28. PedanticLurker — on 16th November, 2006 at 12:13 pm  

      Not Saussure, that number includes attempted rapes, as well as actual rapes, from the Uniform Crime Report.

      The UCR is the FBI’s compilation of stats from various police forces around the US. The other major source of crime stats in the US is the National Crime Victimization Survey (the US equivalent of the British Crime Survey, which is essentially a very large opinion poll on crime), the 2004 edition of which is here (pdf). According to that, in 2004 there were 58,780 rapes and 42,220 attempted rapes and 108,880 sexual assaults in the US that year (see table 28).

      If anyone wants to see the most recent BCS, a pdf can be downloaded here. Page 84 has the sexual offences data.

    29. Nick — on 16th November, 2006 at 12:25 pm  

      I suppose there is an argument to be had for PP to - Aljazeera-like - even the balance so to speak by carrying a story like this, but I can’t help being reminded of the worst excesses of Harry’s Place or even Little Green Footballs…

      Al “Hack” indeed.

    30. Anas — on 16th November, 2006 at 12:53 pm  

      Another story that brings home just how courageous and honourable some American troops can be:

      It is alleged that the eight-strong team went looking for a suspected insurgent.

      When they failed to find him the men became frustrated and dragged a disabled grandfather from his home, bound and beat him and then shot him to death.

      They never show you that kind of thing in hollywood movies.

    31. sonia — on 17th November, 2006 at 2:49 pm  

      soldiers have always been raping women - this has been going on for centuries. integral part of the booty of war in the old days. everyone knew what would happen when a city was ‘sacked’. problem is nowadays we are all pretending to be ‘civilized’. we seem to think that war can be carried on in a ‘civilized’ fashion.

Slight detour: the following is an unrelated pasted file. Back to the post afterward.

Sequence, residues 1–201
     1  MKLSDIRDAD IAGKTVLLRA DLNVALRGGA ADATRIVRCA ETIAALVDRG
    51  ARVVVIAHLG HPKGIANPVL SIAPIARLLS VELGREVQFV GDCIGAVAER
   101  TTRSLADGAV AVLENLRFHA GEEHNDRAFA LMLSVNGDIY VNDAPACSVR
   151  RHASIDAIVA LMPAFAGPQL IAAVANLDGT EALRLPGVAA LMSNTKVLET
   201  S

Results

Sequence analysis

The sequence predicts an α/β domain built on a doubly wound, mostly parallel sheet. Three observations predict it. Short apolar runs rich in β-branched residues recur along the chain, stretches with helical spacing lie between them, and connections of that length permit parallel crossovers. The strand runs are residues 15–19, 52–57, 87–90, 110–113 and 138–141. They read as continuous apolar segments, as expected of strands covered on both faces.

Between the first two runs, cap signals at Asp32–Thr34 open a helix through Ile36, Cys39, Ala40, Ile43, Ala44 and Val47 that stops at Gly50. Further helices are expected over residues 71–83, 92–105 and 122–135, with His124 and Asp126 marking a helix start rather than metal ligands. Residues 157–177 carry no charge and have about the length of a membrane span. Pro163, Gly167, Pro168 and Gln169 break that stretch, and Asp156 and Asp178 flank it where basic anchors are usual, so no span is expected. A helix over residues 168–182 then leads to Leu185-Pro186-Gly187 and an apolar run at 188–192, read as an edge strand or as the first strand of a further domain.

funny thing is people who go around believing that is possible are usually the ones who’ve never experienced war or lived in a city that’s been going through war.

      it’s not for no good reason people talk about how regardless of the ‘honourable’ reasons for war - once it starts, its just as ugly and pathetic and horrific as a war started for ‘dishonourable’ reasons.


    32. sonia — on 17th November, 2006 at 2:55 pm  

      good points clairwil and chairwomen.

      people who go on about decent men becoming soldiers - putting on uniforms- then taking them off when the war is over and voila! all is back to normal! don’t know what the hell they’re on about. one would think a whole generation of vietnam movies would have them think twice about it - but oh no.

      it’s all this nationalism and not wanting people to die in vain business. ‘we must glorify it’. that’s right - glorify it and keep it happening why not? *sardonic laugh*

    33. Clairwil — on 18th November, 2006 at 1:03 am  

      Exactly Sonia,
      War is uncivilized. When social controls are weak, bullies rule. All the more reason to make war the real last resort and not the toy of posturing weeds in politics who’ve never fought so much as a yawn.